U.S. Military Setup Track Day Events to Combat Rising Motorcycle Fatalities

Pilot Project May do More Harm than Good

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The United States Military have seen a drastic increase in motorcycle crash fatalities amongst their personnel in the last year. In 2008, the U.S. Army saw a 24% increase in motorcycle accident deaths.  To try and curb this trend, the military are setting up experimental “Track Day” events to try and help educate motorcycle riders about safety and give riders an area for them to let loose on their bikes and become more comfortable with them.

A Track Day event is a essentially an area on a military base where riders can push the limits of their bike and also have instructors that can give tips and advice that could save their lives.  The logic is also that a rider will get more comfortable in a safe and controlled environment and be able to manage their bike better when they are out in the real world.

Safety specialist Mario Diprete says the course lets riders literally test their limits. “Out here is the time to run hot and wide into a turn and feel how uncomfortable it makes you,” he says. “And you learn from it and you don’t do it again — or you learn how to recover from it.”

Instructors stand in the middle of the tarmac, pulling riders over, giving them quick advice and sending them back onto the course. Without guard rails, utility poles, parked cars or curbs on the course, riders have a much better chance of surviving the lesson.

The military is only doing this for a trial period and are keeping a close eye on results.  Having a motorcyclist more comfortable with their bike at higher speeds could lead to more risk taking and a bigger increase in motorcycle accidents.  Track Day events will be dropped if this is the case.

[ Source: U.S. Military Combats Rising Motorcycle Fatalities ]
[ Image source: http://www.navytimes.com ]

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  • Rider

    OK, I’ll take the bait.

    RE: “Having a motorcyclist more comfortable with their bike at higher speeds could lead to more risk taking and a bigger increase in motorcycle accidents.”

    The Pentagon and USMC safety chiefs in particular are still betting otherwise.

    They are aware of this objection. A Marine Corps safety guy at the Pentagon told me competence is not a drawback for their personnel who are taking risks either way. Further, he said, the USMC thinks the high speed stuff might even take the allure out of riding like a nut on the street, at least for most/some.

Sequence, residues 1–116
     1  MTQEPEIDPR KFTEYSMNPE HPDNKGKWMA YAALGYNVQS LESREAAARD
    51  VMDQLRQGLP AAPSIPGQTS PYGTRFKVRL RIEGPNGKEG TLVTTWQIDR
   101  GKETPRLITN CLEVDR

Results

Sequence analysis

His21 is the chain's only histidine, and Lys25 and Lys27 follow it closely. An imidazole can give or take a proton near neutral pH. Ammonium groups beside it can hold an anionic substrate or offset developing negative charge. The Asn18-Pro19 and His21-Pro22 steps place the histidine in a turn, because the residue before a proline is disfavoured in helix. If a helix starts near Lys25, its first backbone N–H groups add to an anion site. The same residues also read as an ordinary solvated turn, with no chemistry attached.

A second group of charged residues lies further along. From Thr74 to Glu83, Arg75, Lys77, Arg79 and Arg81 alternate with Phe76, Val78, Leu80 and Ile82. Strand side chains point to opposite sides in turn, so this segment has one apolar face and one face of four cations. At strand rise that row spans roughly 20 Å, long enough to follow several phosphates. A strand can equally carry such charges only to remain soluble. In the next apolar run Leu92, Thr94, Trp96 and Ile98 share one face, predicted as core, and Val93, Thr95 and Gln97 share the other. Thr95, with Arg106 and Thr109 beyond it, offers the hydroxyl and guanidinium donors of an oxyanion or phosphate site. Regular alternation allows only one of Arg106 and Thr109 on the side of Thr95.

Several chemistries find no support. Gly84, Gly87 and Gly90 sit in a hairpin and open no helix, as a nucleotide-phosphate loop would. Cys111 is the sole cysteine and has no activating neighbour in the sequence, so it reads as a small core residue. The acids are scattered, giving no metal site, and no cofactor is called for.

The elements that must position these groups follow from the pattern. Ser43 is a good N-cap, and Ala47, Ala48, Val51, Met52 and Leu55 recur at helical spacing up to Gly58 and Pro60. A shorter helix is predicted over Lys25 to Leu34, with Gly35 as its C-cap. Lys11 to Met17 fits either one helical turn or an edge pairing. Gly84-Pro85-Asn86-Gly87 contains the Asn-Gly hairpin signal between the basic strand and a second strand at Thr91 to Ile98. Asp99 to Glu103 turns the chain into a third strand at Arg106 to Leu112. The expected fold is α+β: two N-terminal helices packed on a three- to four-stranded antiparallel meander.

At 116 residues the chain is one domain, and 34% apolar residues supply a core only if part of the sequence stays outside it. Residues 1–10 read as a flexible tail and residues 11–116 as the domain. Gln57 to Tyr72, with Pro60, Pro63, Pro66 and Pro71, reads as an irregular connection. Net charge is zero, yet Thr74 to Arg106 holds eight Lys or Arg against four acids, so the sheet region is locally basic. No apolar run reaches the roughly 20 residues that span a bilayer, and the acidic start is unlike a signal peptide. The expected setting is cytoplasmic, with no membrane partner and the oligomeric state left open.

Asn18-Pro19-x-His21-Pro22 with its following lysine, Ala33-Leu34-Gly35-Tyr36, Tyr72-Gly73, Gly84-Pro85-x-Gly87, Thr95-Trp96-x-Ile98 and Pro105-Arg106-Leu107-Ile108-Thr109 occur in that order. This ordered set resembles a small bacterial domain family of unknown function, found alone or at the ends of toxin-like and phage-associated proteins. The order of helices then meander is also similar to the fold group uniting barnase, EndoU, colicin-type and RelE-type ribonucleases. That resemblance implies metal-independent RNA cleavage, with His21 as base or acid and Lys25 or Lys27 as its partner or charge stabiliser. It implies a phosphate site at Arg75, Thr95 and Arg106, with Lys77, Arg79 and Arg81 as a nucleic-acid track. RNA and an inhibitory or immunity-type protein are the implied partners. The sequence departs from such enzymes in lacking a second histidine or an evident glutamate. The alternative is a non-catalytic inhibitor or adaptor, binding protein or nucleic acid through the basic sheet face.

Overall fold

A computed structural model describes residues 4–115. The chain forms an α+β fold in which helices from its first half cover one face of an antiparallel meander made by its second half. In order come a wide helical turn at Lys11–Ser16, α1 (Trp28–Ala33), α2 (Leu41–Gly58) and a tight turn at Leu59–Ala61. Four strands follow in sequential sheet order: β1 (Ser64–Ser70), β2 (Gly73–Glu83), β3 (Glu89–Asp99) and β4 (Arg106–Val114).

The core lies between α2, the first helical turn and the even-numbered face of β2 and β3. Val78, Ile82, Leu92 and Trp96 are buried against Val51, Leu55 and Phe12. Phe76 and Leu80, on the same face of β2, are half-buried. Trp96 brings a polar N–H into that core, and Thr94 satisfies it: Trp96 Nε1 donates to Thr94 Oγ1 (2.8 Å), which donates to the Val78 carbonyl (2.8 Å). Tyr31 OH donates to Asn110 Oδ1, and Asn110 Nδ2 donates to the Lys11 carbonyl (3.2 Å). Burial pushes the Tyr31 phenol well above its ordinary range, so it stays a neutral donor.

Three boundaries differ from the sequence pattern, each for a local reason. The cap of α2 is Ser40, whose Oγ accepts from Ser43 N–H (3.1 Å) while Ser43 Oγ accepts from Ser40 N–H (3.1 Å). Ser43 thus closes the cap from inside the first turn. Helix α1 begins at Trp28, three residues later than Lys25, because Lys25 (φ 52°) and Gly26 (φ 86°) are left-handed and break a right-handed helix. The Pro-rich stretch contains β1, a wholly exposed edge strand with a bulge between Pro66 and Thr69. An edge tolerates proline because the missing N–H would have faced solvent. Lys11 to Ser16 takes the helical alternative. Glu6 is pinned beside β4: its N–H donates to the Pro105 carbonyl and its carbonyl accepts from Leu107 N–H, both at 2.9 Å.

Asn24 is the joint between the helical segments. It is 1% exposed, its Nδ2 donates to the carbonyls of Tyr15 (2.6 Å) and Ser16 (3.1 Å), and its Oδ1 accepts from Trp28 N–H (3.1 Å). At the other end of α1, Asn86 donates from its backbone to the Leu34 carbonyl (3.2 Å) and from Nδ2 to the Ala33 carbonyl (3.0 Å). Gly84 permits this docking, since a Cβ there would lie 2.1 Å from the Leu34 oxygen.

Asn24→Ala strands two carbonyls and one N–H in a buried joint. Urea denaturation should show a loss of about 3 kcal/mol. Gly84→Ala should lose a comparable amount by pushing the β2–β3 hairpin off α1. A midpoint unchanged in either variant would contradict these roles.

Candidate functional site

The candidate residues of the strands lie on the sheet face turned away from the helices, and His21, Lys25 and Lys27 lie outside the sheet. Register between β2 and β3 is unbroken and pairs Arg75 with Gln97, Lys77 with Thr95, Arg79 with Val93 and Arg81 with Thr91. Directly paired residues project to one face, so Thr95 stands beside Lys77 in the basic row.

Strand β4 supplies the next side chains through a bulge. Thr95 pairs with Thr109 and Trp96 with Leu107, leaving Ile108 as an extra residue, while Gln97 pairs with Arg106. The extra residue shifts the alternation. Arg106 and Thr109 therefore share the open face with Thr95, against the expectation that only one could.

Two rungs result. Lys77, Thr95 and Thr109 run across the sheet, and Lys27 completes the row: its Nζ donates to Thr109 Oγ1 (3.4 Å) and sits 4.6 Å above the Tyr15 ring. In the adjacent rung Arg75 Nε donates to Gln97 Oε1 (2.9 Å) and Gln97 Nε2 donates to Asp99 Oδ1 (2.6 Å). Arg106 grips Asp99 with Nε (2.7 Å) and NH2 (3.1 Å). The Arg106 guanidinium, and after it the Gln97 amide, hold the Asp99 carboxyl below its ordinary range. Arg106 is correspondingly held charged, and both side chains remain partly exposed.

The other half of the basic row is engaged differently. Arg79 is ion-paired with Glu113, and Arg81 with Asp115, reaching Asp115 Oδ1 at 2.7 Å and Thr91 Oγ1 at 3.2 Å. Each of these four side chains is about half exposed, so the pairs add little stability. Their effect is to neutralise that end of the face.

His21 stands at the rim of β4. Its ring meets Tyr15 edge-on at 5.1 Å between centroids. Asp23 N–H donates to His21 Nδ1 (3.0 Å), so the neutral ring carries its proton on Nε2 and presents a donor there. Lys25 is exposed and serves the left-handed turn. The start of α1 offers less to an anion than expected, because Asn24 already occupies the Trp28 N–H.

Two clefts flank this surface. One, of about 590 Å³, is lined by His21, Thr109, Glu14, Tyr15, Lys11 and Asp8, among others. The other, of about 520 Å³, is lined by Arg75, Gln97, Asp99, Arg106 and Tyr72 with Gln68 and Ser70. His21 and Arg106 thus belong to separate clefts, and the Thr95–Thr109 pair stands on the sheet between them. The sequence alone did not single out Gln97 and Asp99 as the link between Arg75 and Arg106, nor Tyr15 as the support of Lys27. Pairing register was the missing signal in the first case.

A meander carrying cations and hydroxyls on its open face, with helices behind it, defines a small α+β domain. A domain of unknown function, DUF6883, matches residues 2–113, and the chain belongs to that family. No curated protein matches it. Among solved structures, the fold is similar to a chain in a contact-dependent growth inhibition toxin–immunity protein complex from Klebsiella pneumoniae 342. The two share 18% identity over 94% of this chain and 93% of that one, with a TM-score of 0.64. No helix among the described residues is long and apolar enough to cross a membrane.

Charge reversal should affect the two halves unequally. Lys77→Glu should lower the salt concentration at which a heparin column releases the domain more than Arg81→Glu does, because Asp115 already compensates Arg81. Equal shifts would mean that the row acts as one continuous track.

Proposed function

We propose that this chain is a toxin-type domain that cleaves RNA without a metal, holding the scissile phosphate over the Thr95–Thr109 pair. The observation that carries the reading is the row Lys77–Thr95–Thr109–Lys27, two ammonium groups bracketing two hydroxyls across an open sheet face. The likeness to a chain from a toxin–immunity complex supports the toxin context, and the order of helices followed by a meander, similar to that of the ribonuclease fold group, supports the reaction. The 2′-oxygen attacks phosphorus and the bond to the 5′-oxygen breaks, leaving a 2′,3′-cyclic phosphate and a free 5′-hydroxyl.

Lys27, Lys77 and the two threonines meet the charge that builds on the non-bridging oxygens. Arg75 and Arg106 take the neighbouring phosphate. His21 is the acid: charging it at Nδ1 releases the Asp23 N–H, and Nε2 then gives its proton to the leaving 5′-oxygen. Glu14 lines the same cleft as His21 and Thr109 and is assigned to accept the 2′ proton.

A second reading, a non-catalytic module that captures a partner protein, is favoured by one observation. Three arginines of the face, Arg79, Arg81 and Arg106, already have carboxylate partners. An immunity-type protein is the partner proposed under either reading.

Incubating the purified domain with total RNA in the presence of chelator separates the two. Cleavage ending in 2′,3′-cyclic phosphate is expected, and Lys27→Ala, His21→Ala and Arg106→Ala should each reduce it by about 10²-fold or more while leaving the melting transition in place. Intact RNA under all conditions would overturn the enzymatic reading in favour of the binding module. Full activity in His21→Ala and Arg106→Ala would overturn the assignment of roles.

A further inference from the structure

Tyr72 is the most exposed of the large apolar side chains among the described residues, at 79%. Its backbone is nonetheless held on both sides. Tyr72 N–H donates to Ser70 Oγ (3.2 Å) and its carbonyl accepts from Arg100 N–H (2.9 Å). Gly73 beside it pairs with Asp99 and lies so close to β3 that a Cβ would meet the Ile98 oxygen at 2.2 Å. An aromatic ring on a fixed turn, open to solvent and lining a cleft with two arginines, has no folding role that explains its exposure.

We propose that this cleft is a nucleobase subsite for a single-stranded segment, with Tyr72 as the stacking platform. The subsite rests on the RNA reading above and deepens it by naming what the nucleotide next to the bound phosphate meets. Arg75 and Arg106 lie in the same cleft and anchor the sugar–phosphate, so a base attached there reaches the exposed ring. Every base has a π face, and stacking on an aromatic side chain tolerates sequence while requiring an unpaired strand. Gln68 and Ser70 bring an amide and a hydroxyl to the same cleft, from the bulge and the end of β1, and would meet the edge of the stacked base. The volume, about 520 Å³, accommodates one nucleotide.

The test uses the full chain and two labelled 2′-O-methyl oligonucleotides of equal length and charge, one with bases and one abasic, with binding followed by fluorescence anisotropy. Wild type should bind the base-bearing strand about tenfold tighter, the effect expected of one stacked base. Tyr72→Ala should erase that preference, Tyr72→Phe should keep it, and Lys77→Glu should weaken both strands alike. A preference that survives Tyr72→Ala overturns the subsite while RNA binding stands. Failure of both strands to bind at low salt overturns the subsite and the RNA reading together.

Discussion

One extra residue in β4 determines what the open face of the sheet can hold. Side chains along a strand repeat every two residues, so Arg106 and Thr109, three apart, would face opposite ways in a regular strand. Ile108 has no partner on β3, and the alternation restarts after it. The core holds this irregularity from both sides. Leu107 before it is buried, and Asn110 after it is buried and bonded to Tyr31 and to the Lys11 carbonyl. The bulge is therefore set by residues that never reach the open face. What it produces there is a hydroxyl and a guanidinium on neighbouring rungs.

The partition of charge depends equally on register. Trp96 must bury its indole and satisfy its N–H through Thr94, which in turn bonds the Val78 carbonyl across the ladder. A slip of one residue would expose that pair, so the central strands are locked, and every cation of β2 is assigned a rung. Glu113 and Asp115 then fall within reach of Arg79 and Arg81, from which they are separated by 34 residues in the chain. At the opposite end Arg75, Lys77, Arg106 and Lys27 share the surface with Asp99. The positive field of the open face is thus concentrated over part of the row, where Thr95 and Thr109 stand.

Some of their opinion is coming from professional track days organizers who say “up to 70 percent” of riders who get a real taste of riding their sport bikes at full speed on tracks realize what a comparative joke the street is.

    These riders realize it’s so much better on the track, and realize the risks they take flying on streets are not worth it.

    So, until proven otherwise, the Marines are officially banking on this possibility, while fully aware of other possibilities.

    And I’ll add this: Having raced at several racetracks myself, and personally having an R1 which wheelies at 85 no problem, I know how limited I am on streets.

    Ain’t no way I’ll tip it over as far on the streets in my area, as I would on a track …

    And, yes, it is frustrating, but I’m not crazy.

    Speaking speculatively for others, every person knows when they are in over their head.

    Hopefully, they will not want to push it, if for anything, self survival’s sake.

  • Retired Airman

    I applaud the efforts of military leadership efforts to reduce motorcycle mishaps, particularly through training venues. The concept of advanced training or exposure to higher level maneuvers and techniques is common place in the military training environment. Aviators, weapon system operators, Special Operators, and every service person attend advance training. Aviation training routinely introduces pilots to the performance envelope of their systems and most importantly teaches them to avoid and recover from dangerous situations found on the other side of the envelope. The argument that advanced training promotes high risk behavior is faulty, in my opinion, high risk behavior on motorcycles already occurs without advanced training.

  • PeteP

    You guys read the comments on the NPR article? We are blessed to have only kpaul to worry about.

  • NJ

    I personally witnessed a young Marine die on his newly purchased R1 because he “panic braked”. It was obvious that he had no idea how to handle the rear brake because he catapulted himself into the slow moving vehicle in front of him. It’s a vision I will forever have, like a movie that replays’ in my head. This young man left behind a pregnant wife, his child will never know his/her father. Keep this program going…….it WILL save lives.
    RIP Steven Holder. God be with your family.
    NJ